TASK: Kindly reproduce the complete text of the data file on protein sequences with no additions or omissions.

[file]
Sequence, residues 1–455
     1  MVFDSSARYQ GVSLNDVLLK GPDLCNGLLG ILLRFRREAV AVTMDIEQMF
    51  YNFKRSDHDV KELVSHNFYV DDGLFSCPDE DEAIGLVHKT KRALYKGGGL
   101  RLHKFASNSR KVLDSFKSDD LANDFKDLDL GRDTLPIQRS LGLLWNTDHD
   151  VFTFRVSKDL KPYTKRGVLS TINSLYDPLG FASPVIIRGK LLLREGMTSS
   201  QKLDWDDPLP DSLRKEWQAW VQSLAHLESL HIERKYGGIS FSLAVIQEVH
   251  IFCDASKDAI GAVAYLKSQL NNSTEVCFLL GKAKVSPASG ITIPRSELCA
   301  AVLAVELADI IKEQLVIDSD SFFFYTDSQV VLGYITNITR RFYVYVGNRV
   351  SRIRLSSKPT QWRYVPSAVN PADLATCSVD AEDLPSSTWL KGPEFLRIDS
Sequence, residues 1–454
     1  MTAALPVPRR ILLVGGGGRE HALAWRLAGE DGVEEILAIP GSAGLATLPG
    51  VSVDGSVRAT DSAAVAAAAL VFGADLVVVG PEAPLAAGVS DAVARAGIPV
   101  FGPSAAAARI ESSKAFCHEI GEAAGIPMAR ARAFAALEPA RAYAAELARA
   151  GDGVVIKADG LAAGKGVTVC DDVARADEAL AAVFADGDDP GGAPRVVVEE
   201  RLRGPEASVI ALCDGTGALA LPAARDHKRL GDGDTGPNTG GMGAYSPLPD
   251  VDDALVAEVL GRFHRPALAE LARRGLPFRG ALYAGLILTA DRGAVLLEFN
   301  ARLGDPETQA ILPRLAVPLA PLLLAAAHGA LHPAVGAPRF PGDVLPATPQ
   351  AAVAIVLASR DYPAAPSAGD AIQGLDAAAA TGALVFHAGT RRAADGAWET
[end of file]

Sequence, residues 1–455
     1  MVFDSSARYQ GVSLNDVLLK GPDLCNGLLG ILLRFRREAV AVTMDIEQMF
    51  YNFKRSDHDV KELVSHNFYV DDGLFSCPDE DEAIGLVHKT KRALYKGGGL
   101  RLHKFASNSR KVLDSFKSDD LANDFKDLDL GRDTLPIQRS LGLLWNTDHD
   151  VFTFRVSKDL KPYTKRGVLS TINSLYDPLG FASPVIIRGK LLLREGMTSS
   201  QKLDWDDPLP DSLRKEWQAW VQSLAHLESL HIERKYGGIS FSLAVIQEVH
   251  IFCDASKDAI GAVAYLKSQL NNSTEVCFLL GKAKVSPASG ITIPRSELCA
   301  AVLAVELADI IKEQLVIDSD SFFFYTDSQV VLGYITNITR RFYVYVGNRV
   351  SRIRLSSKPT QWRYVPSAVN PADLATCSVD AEDLPSSTWL KGPEFLRIDS
Sequence, residues 1–454
     1  MTAALPVPRR ILLVGGGGRE HALAWRLAGE DGVEEILAIP GSAGLATLPG
    51  VSVDGSVRAT DSAAVAAAAL VFGADLVVVG PEAPLAAGVS DAVARAGIPV
   101  FGPSAAAARI ESSKAFCHEI GEAAGIPMAR ARAFAALEPA RAYAAELARA
   151  GDGVVIKADG LAAGKGVTVC DDVARADEAL AAVFADGDDP GGAPRVVVEE
   201  RLRGPEASVI ALCDGTGALA LPAARDHKRL GDGDTGPNTG GMGAYSPLPD
   251  VDDALVAEVL GRFHRPALAE LARRGLPFRG ALYAGLILTA DRGAVLLEFN
   301  ARLGDPETQA ILPRLAVPLA PLLLAAAHGA LHPAVGAPRF PGDVLPATPQ
   351  AAVAIVLASR DYPAAPSAGD AIQGLDAAAA TGALVFHAGT RRAADGAWET